New way to repair ravages of childbirth
Nanotechnology and bioengineering are helping medical scientists develop stem cell therapies for a debilitating condition which can follow childbirth.
They are combining stem cells from the lining of a woman’s own uterus with nano-biomaterials – or biodegradable materials engineered on the nanoscale – in a world-first approach to develop safer, more effective treatments for pelvic organ prolapse.
Pelvic organ prolapse (POP) is a lifelong sometimes debilitating condition, usually caused by the impact of childbirth. It affects an estimated one in four women and around one in two women aged over 50.
Up to a third of women with POP require multiple treatments in their lifetime.
Seven years in the making, the multi-disciplinary project includes collaborators from the Ritchie Centre at Hudson Institute, Flinders University, CSIRO, the Monash Institute of Medical Engineering and Associate Professor Anna Rosamilia, head of the Pelvic Floor Unit at Monash Health.
Flinders Professor John Arkwright, SA Premier’s Professorial Research Fellow in Biomedical Engineering, who is developing new optical fibre technology and devices, including for biomedical sensing.
Project leader Professor Caroline Gargett, from the Endometrial Stem Cell Biology group at the Hudson Institute of Medical Research, says the ultimate aim is to restore quality of life to women with POP, and to prevent the condition from occurring in younger women.
“We know that women and clinicians are calling out for safer, more effective treatments and we are working to deliver these options,” she says.
“We have shown in preclinical studies that endometrial stem cells differentiate into the type of cells that are required in the vaginal walls.
“We believe endometrial stem cells have real potential in treating pelvic organ prolapse. The cells have been shown to produce factors that ‘trick’ the body or modify the immune response to one of healing, rather than scarring, which helps to repair the damage.”
POP develops when tissues, pelvic floor muscles and ligaments that support the pelvic organs (bladder, uterus and bowel), become damaged, usually in childbirth, causing organs to shift or ‘drop’ into the vagina or even outside the body.
This can lead to debilitating symptoms, including poor bladder or bowel control and pain during sex. This may profoundly affect a woman’s quality of life.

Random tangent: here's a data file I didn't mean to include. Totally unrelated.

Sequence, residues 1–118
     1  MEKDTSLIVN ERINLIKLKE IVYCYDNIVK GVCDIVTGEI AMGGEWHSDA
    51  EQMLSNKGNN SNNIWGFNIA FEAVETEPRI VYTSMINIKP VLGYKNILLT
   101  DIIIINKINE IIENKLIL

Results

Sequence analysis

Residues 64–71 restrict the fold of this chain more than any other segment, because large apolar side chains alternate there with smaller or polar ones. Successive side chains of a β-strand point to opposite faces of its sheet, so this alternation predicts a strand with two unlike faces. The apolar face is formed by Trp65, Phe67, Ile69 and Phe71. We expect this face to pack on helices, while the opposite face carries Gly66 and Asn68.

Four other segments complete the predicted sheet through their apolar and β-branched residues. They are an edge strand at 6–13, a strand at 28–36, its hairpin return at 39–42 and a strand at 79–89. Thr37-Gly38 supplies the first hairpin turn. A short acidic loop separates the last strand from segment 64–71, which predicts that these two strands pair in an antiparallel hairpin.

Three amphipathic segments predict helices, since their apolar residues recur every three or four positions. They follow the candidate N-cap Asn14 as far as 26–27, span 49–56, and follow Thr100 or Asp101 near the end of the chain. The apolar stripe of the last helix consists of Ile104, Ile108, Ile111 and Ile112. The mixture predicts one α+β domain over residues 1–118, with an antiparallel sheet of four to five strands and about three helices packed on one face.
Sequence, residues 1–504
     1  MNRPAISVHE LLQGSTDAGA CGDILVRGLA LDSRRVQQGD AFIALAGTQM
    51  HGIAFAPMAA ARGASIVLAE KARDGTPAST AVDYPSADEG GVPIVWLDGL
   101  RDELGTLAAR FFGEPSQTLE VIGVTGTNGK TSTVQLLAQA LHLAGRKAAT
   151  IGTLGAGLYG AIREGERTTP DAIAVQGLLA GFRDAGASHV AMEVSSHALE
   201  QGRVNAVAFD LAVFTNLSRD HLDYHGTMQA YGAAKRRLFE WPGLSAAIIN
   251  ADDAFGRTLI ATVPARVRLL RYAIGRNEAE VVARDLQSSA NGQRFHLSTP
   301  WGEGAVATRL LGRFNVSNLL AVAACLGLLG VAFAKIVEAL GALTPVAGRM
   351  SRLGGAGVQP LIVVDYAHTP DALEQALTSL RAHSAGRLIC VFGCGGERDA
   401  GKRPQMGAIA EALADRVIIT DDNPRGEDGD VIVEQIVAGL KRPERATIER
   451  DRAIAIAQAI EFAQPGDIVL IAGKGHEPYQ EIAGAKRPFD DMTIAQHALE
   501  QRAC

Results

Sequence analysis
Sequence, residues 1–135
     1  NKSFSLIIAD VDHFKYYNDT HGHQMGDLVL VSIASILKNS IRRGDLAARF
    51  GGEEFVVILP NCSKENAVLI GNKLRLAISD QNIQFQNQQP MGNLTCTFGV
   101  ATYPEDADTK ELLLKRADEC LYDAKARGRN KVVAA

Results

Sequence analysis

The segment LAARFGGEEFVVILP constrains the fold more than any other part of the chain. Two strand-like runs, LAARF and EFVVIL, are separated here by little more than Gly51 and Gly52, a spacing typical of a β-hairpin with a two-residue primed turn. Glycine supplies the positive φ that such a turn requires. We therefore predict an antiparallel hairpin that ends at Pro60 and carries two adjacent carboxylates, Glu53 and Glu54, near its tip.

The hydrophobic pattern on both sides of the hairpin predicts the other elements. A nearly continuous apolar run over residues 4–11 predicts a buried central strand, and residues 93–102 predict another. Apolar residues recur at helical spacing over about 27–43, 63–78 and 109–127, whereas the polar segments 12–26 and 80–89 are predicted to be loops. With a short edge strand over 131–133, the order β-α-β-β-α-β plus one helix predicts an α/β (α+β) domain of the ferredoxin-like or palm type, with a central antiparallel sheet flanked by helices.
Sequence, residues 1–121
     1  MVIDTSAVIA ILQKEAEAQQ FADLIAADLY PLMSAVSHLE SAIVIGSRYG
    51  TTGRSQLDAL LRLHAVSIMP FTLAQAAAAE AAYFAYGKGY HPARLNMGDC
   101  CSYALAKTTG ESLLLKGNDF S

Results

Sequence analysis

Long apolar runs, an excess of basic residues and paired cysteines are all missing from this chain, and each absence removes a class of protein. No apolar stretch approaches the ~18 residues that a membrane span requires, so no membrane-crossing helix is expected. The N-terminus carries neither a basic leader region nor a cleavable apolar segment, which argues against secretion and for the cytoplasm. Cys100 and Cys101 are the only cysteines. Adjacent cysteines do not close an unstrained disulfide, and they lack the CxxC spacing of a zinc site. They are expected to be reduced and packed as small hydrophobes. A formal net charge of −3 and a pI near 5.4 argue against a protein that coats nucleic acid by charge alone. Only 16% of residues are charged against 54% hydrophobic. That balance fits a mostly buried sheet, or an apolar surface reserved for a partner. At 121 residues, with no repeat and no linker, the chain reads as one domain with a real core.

POP may be exacerbated by other factors such as age, ethnicity, the number of times a woman has given birth, obesity and their family genetics.
It is exacerbated by menopause – one in two postmenopausal women who have had children will experience POP, compared to one in four women generally.
At Flinders University, Professor John Arkwright’s laboratory at Tonsley is developing a novel fibre optic probe to better monitor and classify damage to the pelvic floor region.
The Flinders researchers are developing a fibre-optic pressure device to help develop a method to more accurately diagnose areas of weakness associated with POP and better target stem cell treatments to those areas.
“Accurate diagnosis of the areas of weakness associated with POP will better manage the new treatment method,” Arkwright says.
Clinical trials are not expected for at least another three to five years. Before the treatment can reach women, it must first undergo a rigorous process of preclinical testing to show long-term safety and efficacy, as well as research ethics and Therapeutic Goods Administration approvals.
Current treatment options for POP are limited. Up until recently, many Australian women with POP underwent surgical insertion of transvaginal mesh implants – synthetic strips of materials that sit between a prolapsed organ (bladder, bowel and uterus) and the vaginal walls to hold the organ in place.
Around the world, safety concerns have been raised around these meshes due to reports of adverse effects in women such as pain, scarring and organ perforation.
The Therapeutic Goods Administration in Australia conducted a review of the scientific evidence and clinical studies of transvaginal mesh products for POP, and found the benefits of these meshes do not outweigh the risks to patients.
In November 2017, the Therapeutic Goods Administration announced it would remove transvaginal mesh products for the sole purpose of treating pelvic organ prolapse via transvaginal implantation from the Australian Register of Therapeutic Goods.
A class action is also underway on behalf of around 700 Australian women who are seeking redress for adverse effects they claim have occurred as a result of transvaginal mesh implants.
A Senate Enquiry on the issue is expected to report on its findings on March 20, 2018.